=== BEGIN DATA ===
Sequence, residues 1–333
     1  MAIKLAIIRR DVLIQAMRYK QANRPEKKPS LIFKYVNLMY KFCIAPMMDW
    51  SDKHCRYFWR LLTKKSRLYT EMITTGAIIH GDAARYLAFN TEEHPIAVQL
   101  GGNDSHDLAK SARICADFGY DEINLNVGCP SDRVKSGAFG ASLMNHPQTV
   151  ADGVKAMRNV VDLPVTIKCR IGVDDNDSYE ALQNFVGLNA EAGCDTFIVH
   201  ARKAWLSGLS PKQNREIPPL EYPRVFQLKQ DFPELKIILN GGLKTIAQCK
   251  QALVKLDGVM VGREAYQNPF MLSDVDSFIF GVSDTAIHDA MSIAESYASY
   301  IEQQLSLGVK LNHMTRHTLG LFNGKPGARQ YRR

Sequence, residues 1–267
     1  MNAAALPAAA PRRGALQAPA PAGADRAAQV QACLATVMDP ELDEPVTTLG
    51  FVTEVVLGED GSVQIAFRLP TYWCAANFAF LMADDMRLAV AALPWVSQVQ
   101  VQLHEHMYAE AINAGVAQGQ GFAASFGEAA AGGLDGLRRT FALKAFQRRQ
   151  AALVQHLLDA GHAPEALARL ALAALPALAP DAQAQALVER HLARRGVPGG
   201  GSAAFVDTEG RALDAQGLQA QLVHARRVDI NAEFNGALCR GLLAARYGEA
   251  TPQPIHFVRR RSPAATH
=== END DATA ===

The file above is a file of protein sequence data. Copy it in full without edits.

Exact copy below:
Sequence, residues 1–333
     1  MAIKLAIIRR DVLIQAMRYK QANRPEKKPS LIFKYVNLMY KFCIAPMMDW
    51  SDKHCRYFWR LLTKKSRLYT EMITTGAIIH GDAARYLAFN TEEHPIAVQL
   101  GGNDSHDLAK SARICADFGY DEINLNVGCP SDRVKSGAFG ASLMNHPQTV
   151  ADGVKAMRNV VDLPVTIKCR IGVDDNDSYE ALQNFVGLNA EAGCDTFIVH
   201  ARKAWLSGLS PKQNREIPPL EYPRVFQLKQ DFPELKIILN GGLKTIAQCK
   251  QALVKLDGVM VGREAYQNPF MLSDVDSFIF GVSDTAIHDA MSIAESYASY
   301  IEQQLSLGVK LNHMTRHTLG LFNGKPGARQ YRR

Sequence, residues 1–267
     1  MNAAALPAAA PRRGALQAPA PAGADRAAQV QACLATVMDP ELDEPVTTLG
    51  FVTEVVLGED GSVQIAFRLP TYWCAANFAF LMADDMRLAV AALPWVSQVQ
   101  VQLHEHMYAE AINAGVAQGQ GFAASFGEAA AGGLDGLRRT FALKAFQRRQ
   151  AALVQHLLDA GHAPEALARL ALAALPALAP DAQAQALVER HLARRGVPGG
   201  GSAAFVDTEG RALDAQGLQA QLVHARRVDI NAEFNGALCR GLLAARYGEA
   251  TPQPIHFVRR RSPAATH